GENETIC ENHANCEMENT FOR RESISTANCE TO BIOTIC AND ABIOTIC STRESSES IN HARD WINTER WHEAT
Location: Hard Winter Wheat Genetics Research Unit
Title: Virulence Analysis of Hessian Fly (Mayetiola destructor) Populations from Texas, Oklahoma, and Kansas
| Echegaray, Erik - KANSAS STATE UNIVERSITY |
| Whitworth, Jeffrey - KANSAS STATE UNIVERSITY |
| Wang, Haiyan - KANSAS STATE UNIVERSITY |
| Sloderbeck, Phillip - KANSAS STATE UNIVERSITY |
| Knutson, Allen - TEXAS A&M |
| Giles, Kristopher - OKLAHOMA STATE UNIVERSITY |
| Royer, Tom - OKLAHOMA STATE UNIVERSITY |
Submitted to: Journal of Economic Entomology
Publication Type: Peer Reviewed Journal
Publication Acceptance Date: January 5, 2009
Publication Date: April 1, 2009
Citation: Chen, M., Echegaray, E., Whitworth, J., Wang, H., Sloderbeck, P.E., Knutson, A., Giles, K.L., Royer, T.A. 2009. Virulence Analysis of Hessian Fly (Mayetiola destructor) Populations from Texas, Oklahoma, and Kansas. Journal of Economic Entomology. 102:774-780.
Interpretive Summary: The Hessian fly is a destructive insect pest of wheat. The most effective means to control Hessian fly damage is to develop and deploy wheat varieties that are resistant to the insect. The challenge for the host plant resistance strategy is the dynamic change of Hessian fly biotypes in the field. Specific resistance genes can lose effectiveness due to changes in Hessian fly biotypes. In order for the host plant resistance strategy to be continuously successful, we need to monitor which resistance genes are still effective periodically. This research investigated the effectiveness of 20 known resistance genes to field Hessian fly populations from Texas, Oklahoma, and Kansas. Five of the 20 tested genes, H13, H21, H25, H26, and Hdic, conferred high levels of resistance (> 80% of plants scored resistant) to all tested geographic populations. However, resistance levels for other genes varied depending on which Hessian fly population they were tested against. This study should provide useful information to breeders when they select resistance genes for their breeding programs and to wheat growers when they select wheat varieties for planting.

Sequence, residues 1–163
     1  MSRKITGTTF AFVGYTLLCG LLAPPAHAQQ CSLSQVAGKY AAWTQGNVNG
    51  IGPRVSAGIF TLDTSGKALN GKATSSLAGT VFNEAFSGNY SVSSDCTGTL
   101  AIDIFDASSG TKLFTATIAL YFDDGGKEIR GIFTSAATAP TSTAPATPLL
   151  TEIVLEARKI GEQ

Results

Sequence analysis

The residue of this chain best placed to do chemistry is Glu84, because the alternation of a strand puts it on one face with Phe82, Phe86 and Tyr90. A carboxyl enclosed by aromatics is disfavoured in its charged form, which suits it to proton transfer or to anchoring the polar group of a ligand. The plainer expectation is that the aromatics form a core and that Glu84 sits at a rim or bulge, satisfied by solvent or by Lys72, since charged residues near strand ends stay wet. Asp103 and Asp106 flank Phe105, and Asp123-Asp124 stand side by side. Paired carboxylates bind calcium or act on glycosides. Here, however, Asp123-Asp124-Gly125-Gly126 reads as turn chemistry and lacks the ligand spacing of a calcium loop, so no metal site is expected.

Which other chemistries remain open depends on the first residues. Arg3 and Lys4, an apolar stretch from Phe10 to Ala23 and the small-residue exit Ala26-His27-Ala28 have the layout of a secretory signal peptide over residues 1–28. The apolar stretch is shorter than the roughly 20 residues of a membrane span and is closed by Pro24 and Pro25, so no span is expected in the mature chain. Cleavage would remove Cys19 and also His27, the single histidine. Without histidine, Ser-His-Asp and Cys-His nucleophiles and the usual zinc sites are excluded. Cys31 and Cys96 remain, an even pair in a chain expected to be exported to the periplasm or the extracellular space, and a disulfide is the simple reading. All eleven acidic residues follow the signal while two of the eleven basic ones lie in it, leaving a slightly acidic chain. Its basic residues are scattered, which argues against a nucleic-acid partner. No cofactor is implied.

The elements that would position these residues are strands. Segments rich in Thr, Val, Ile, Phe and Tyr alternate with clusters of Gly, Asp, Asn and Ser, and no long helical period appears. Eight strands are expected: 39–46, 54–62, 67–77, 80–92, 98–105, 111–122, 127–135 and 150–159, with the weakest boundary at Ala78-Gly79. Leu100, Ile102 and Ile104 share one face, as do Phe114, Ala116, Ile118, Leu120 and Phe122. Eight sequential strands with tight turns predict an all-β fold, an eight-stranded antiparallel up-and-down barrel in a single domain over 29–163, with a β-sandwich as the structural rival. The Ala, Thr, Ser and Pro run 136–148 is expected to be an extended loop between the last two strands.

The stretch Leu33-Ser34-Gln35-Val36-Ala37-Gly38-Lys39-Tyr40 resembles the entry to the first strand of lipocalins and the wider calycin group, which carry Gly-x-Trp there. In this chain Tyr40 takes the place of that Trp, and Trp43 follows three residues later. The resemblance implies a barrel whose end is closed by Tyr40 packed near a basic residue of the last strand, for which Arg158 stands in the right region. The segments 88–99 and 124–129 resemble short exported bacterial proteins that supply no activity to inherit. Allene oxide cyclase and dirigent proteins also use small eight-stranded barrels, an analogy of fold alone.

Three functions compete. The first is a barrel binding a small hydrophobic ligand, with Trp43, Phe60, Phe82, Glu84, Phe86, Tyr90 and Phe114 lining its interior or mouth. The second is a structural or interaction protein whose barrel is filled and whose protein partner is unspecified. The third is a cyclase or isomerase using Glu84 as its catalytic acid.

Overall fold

In recent years, the number of wheat fields heavily infested by Hessian fly (Mayetiola destructor) appears on the rise in the South central Great Plains of the U.S. Historically, resistance genes in wheat have been the most efficient means to control the damage caused by this insect pest. To determine which resistance genes are still effective in this area, virulence of six Hessian fly field populations from Texas, Oklahoma, and Kansas was determined by using the resistance genes H3, H4, H5, H6, H7H8, H9, H10, H11, H12, H13, H16, H17, H18, H21, H22, H23, H24, H25, H26, H31, and Hdic. Five of the tested genes, H13, H21, H25, H26, and Hdic, conferred high levels of resistance (> 80% of plants scored resistant) to all tested geographic populations. However, resistance levels for other genes varied depending on which Hessian fly population they were tested against. H22 and H23 provided high levels (>80%) of resistance to the Oklahoma and Texas populations, but were much less effective (<50%) against the Kansas population. The H7H8 gene combination and H9 were highly resistant (>80%) to the Kansas population, but were not very effective against the Oklahoma and Texas populations. Surprisingly, H31, a new gene identified only five years ago and thus probably not deployed in this region yet, provided only modest (50-70%) resistance to the Texas flies. Biotype composition analysis of insects collected directly from wheat fields in Grayson county, Texas, revealed that the proportion of individuals within this population virulent to the major resistance genes was 89% for H6, 58% for H9, 28% for H5, 22% for H26, 15% for H3, 9% for H18, 4% for H21, and 0% for H13. Our results also revealed that the percentages of virulent biotypes against specific resistance genes in a given population are highly correlated (correlation coefficient 0.97) with the percentages of susceptible plants in a virulence test, suggesting that virulence assays, which requires less time and effort, can be used to approximate biotype composition.